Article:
This post has been sponsored by the American Heart Association.
If you look around the neighborhood you live in, you may see a community that’s thriving and has all kinds of great amenities and opportunities available. And if you live in a major city like mine – Chicago – down the corner and around the block, it can be a whole other story. So many of our communities are in need. And so many of us see the best ways that change can come, the areas that are suffering from a lack of care or attention or funding. The American Heart Association is seeking to provide support for those changemakers, those aspirational community leaders.
The goal of the recent AHA EmPOWERED To Serve summit was to generate and support neighborhood transformation through passionate, creative efforts to engage communities in need. “As an Association, we know that to affect meaningful change in the communities we serve, we must tap into and value their knowledge and experiences. We know that innovation is fueled by diversity and inclusion. We are looking to learn from and collaborate with organizations with innovative and creative solutions to address the social determinants of health. This is an important strategy for developing solutions to ensure that everyone has the same opportunity, regardless of circumstances, to be healthy and well,” says Tanya M. Odom, Ed.M., Global Diversity and Inclusion, education consultant, and chair of the American Heart Association’s Diversity Leadership Committee.
Here are some facts straight from the AHA, that directly speak to people of color and our communities in need:
- Nearly half of all non-Hispanic black adults have some form of cardiovascular disease, 47.7 percent of females and 46.0 percent of males. Hispanics (and African-Americans) with high blood pressure are less likely than Caucasians to get their condition under control, according to January 2017 research published in the Association’s Circulation: Cardiovascular Quality and Outcomes journal.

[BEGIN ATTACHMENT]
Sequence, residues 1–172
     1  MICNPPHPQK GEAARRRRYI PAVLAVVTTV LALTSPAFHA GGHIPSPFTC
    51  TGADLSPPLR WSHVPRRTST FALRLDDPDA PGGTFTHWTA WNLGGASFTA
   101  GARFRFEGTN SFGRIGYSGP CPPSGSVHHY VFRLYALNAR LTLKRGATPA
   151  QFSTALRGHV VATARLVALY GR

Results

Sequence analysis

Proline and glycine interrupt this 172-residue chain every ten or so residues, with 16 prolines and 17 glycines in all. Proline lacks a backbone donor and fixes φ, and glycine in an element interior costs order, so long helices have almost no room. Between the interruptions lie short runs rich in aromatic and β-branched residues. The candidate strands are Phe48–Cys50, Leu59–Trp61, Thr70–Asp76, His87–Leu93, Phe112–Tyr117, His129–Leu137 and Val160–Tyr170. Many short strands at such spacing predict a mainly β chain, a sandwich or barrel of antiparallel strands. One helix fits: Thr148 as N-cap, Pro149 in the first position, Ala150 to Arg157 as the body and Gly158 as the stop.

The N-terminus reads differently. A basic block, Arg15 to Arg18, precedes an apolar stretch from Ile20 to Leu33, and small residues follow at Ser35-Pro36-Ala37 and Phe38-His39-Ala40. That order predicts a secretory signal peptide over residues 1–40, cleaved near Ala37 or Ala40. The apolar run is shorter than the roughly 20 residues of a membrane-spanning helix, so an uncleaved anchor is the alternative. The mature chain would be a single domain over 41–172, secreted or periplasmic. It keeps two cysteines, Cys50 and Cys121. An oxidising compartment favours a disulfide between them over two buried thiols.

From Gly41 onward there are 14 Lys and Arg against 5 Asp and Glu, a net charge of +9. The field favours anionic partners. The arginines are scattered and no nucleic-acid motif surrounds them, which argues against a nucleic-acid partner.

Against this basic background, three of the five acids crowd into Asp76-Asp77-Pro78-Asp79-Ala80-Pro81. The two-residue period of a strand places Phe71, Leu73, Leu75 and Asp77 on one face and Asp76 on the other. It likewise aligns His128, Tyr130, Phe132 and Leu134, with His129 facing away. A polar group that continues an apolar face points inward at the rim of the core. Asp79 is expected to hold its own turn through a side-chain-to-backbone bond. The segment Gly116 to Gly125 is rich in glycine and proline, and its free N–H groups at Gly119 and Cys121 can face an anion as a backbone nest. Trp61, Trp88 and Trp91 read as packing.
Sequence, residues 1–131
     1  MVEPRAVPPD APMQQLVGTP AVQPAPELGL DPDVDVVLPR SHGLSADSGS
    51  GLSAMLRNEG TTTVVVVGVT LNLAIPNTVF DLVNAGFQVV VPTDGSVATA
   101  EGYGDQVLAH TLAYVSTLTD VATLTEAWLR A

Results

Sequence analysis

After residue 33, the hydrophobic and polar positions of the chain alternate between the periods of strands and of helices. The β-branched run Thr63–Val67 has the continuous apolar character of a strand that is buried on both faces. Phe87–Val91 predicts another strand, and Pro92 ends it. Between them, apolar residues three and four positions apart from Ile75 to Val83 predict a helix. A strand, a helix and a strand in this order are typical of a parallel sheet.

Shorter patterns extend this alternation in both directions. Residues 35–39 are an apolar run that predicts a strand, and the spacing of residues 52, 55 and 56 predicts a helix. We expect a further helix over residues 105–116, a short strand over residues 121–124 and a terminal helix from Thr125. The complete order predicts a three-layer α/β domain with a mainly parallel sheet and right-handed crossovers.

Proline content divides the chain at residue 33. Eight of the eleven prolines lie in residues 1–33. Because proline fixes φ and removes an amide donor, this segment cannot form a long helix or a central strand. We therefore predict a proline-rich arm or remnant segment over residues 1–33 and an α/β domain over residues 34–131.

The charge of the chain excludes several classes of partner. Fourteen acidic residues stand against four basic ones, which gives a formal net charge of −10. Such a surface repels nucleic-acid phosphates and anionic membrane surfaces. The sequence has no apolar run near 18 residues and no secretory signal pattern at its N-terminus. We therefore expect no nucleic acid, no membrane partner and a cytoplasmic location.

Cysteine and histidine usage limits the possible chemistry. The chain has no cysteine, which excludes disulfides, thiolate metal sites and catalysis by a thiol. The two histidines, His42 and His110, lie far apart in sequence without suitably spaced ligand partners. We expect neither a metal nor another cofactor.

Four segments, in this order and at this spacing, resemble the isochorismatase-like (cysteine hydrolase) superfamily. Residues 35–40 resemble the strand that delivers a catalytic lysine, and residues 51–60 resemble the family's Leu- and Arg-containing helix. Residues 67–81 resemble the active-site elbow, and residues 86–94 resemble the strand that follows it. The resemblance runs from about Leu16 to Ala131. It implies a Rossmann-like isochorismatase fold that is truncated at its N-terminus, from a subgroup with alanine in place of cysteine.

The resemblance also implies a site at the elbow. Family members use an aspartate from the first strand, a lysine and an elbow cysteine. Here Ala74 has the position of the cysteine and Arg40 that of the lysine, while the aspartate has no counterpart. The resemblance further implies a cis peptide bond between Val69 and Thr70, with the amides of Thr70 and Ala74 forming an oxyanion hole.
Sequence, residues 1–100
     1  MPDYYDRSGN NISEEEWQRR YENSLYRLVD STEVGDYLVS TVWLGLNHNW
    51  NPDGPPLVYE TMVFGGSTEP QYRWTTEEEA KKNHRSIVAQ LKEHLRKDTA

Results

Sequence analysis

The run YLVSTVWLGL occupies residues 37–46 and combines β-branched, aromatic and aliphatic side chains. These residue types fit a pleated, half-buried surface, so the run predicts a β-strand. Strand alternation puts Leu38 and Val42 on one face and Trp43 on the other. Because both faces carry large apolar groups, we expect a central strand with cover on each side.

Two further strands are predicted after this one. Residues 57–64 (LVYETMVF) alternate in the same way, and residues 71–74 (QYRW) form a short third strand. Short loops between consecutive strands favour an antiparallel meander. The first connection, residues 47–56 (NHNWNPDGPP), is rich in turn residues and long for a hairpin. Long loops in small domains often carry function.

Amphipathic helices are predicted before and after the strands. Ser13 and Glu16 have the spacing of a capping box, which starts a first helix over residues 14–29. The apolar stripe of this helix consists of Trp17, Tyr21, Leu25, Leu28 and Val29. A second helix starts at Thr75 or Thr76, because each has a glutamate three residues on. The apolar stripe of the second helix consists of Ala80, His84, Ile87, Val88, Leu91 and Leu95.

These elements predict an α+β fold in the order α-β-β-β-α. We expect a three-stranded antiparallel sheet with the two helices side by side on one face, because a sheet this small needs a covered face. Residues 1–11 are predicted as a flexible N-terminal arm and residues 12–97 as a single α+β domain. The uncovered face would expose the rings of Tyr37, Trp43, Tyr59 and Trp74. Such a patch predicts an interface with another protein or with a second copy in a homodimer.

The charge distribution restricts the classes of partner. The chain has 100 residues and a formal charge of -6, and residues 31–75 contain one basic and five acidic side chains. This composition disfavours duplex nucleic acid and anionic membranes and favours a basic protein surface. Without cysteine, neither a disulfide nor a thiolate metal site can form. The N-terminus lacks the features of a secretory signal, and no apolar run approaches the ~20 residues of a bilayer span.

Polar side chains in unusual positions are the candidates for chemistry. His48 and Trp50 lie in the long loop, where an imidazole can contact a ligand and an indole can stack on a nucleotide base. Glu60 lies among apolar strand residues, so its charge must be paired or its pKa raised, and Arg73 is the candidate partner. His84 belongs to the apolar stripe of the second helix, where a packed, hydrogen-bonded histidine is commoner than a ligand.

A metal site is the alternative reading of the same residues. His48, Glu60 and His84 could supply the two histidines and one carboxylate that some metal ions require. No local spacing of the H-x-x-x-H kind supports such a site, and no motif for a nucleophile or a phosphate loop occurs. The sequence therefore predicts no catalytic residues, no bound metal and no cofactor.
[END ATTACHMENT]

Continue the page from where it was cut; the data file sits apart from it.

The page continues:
- High blood pressure by ethnicity: 23% (1 in 4) among Hispanics; 23.5% (1 in 4) among non-Hispanic whites; 33% (1 in 3) among blacks; 19.5% (1 in 5) among Asians; 26.4%(1 in 4) among American Indians or Alaska Natives; and 36.4% percent (1 in 3) among Native Hawaiians or other Pacific Islanders.
- Nearly 29% of Hispanic men (age 20 and older) are affected by high blood pressure.
- About 31% of Hispanic women (age 20 and older) are affected by high blood pressure.
- Among Mexican-Americans age 20 and older, 2 percent of men and 2.7 percent of women have had a stroke.
This stuff hits close to home for me, and it did even all the way in my community in Trinidad. High blood pressure runs in my family. We have had relatives suffer strokes and my own mom has had cardiovascular concerns through the years. It’s not just where I’m from, it’s where I live now and all across the cities and states we live in.
The EmPOWERED To Serve Summit took place on 10/17 in the Kellogg Conference Hotel, Gallaudet University. After entering the online competition hosted at empoweredtoserve.org, ten finalists gathered to present their business solutions before a panel of judges. These lucky ten finalists had been whittled down from 128 submissions – click here to check out the top ten.
Following a judging panel with public voting via a Facebook live stream event, three winners were chosen, and they will receive financial awards ranging from $10,000 – $30,000 to implement their plans for their community!
Nyasha Nyamapfene, creator of Gospel Run, Chicago — Gospel Run is a public health organization created to inspire health, transformation and expanded possibilities in the individuals, families and communities we serve.
Maria Rose Belding, creator of MEANS Database, Philadelphia, PA — MEANS Database notifies food banks and pantries of food donations in their neighborhood. Food Connect delivers surplus food from retailers to community organizations serving the hungry.
Cecil Wilson, creator of GoffersGotIt, Chicago, IL — the GoffersGotIt motto is “Getting Things Done on the Go!” Goffers provides on demand mobile task assistance. Services included, but are not limited to grocery shopping, laundry delivery, and prescription refills.
Congratulations to the big winners, the real winners are the communities and people in need who you’ll be empowering with your work! Thank you for what you do, and thank you to the AHA for the community support!
For more information on the EmPOWERED To Serve movement and the EmPOWERED To Serve Urban Business Storytelling Competition, visit empoweredtoserve.org, or check out @EmPoweredToServe on Facebook and @AHA_EmPOWERED on Twitter.
Photos via AHA EmPoweredToServe’s Facebook
This post has been sponsored by the American Heart Association, but the opinions are all my own.